4th edition’s suggestions for magic item distribution has never been entirely satisfactory to me. Even as a player, I hate digging around to find enough things to fill out a wish list.
A lot of people also don’t care for the idea of the PCs always finding exactly what they want. There are various arguments for it, from matters of verisimilitude to those who enjoy the unexpected.
While reading through the new Essentials Rules Compendium on the train today, I had an epiphany.
First, a brief tangent. Schrödinger’s Gun is not my cat’s firearm, but rather the idea that until you, the DM, describe something to the players, the exact details can be changed without them ever knowing. Joe guesses that the kindly baron is really the BBEG as soon as he’s introduced? Change it!
So now we can apply the idea of Schrödinger’s gun to magic items. 4e assumes that PCs can figure out most magic items after spending a few minutes with them… Scratch that! From now on, the PCs simply get “some armor,” “a weapon,” or “some bracers.”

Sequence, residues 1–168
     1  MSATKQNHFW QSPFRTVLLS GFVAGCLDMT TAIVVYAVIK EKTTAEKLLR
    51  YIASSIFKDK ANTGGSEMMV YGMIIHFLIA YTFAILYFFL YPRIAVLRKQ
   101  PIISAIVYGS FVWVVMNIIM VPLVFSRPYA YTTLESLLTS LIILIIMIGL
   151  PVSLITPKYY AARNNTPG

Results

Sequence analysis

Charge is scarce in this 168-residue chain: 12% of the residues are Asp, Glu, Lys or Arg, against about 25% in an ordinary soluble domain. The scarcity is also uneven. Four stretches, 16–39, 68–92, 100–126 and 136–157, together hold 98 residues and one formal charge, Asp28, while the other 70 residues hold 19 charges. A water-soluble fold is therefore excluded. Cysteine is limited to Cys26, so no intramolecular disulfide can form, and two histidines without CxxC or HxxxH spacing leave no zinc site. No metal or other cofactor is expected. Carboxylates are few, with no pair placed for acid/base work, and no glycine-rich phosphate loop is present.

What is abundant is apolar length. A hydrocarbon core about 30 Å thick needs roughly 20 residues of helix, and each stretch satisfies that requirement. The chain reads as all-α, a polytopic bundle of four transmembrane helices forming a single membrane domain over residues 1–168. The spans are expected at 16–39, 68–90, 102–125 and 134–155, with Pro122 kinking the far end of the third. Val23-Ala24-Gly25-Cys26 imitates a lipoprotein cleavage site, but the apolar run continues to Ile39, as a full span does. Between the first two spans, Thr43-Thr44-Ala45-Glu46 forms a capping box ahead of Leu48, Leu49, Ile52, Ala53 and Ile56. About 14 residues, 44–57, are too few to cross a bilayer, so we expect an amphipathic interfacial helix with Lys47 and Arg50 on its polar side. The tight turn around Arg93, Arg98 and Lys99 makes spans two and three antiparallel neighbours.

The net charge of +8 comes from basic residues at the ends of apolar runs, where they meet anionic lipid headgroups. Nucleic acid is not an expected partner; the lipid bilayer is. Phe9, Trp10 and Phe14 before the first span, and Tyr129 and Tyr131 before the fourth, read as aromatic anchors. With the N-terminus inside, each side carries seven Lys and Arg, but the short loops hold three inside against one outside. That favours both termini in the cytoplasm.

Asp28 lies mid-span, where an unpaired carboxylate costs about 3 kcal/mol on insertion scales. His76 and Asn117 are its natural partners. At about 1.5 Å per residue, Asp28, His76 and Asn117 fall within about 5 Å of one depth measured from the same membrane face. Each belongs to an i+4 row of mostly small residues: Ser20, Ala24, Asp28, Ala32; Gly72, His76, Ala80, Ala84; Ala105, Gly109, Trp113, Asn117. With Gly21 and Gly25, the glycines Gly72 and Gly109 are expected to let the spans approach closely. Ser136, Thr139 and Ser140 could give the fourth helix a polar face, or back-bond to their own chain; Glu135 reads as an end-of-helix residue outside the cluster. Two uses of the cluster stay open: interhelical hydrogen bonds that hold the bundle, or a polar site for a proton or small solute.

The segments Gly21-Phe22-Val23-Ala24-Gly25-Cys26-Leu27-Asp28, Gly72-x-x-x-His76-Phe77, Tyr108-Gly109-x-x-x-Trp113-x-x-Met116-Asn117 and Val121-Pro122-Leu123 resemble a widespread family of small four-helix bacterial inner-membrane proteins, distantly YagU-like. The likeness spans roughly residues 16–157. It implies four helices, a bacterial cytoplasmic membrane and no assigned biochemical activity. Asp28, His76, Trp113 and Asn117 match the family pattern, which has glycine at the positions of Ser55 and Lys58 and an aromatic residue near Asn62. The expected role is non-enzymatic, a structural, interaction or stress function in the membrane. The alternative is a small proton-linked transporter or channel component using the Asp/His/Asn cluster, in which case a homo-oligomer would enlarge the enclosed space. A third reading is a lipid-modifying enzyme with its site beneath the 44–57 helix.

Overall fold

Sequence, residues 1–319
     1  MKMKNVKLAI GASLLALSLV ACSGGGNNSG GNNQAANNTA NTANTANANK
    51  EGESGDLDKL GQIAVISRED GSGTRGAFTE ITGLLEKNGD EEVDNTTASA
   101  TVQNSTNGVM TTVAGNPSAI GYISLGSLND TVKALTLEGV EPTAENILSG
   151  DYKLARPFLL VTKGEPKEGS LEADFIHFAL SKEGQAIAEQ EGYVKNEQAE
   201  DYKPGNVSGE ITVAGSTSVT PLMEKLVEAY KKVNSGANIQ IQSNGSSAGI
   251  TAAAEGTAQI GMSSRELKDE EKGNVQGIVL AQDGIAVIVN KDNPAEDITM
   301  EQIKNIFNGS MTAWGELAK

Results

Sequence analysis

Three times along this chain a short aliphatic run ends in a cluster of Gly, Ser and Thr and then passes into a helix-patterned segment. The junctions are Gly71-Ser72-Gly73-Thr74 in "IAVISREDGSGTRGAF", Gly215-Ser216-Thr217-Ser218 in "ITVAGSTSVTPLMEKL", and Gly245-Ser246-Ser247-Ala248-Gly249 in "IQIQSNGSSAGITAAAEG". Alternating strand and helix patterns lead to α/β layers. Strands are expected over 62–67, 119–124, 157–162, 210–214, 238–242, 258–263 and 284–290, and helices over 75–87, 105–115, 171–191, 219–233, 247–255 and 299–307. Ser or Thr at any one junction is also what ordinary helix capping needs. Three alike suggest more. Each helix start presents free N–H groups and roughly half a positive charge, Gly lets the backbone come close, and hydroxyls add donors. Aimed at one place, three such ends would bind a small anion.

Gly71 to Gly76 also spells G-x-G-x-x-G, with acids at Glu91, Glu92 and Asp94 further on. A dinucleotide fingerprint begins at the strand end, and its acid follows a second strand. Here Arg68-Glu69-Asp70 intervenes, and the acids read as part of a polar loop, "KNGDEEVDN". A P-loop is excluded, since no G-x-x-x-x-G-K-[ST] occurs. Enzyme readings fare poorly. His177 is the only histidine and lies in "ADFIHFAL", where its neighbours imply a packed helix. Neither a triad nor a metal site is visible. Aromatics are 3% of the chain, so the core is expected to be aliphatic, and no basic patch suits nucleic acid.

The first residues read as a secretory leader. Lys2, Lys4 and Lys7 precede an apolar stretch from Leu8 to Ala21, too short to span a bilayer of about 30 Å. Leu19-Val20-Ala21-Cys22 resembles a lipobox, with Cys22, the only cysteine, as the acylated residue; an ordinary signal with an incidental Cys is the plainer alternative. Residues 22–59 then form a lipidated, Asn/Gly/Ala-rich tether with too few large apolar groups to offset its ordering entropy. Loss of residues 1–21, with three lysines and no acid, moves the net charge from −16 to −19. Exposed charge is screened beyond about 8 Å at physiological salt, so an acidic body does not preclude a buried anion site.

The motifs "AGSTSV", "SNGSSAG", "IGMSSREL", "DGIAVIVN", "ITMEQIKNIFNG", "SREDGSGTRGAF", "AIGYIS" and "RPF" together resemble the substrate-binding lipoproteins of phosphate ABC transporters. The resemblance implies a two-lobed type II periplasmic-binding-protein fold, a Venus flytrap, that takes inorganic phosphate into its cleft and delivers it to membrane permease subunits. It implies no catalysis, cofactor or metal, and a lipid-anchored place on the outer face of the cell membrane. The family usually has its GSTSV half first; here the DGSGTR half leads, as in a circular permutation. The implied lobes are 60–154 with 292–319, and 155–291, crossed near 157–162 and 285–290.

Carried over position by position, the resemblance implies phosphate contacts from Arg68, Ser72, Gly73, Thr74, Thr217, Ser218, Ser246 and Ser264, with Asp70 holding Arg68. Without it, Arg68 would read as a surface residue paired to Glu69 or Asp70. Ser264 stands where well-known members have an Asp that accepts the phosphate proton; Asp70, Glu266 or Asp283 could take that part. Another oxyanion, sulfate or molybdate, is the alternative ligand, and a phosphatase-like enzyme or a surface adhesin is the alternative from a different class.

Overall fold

Then you give them a coupon with a slot, rarity and a level. The bearer of the coupon may turn it into any item for that slot, at that level or lower and that rarity or lower.
In game terms, when the PC finally decides what the item is, they’ve ‘identified’ it.
This adds some randomness back into the process, since the PCs have no control over what slot the item is for. It also adds some more competition for items. No longer does the set of plate armor go straight to the fighter. Rather, everyone has an interest in the generic, unidentified armor that was just found.
For players, it also gives them a lot more direction. Having to find an item of a particular level can be daunting, given all the choices. It’s much easier to pick something out with the slot so constrained.
Here are some tables you can roll on to determine type and rarity.
|20||Other (Wondrous item, mount, companion, etc)|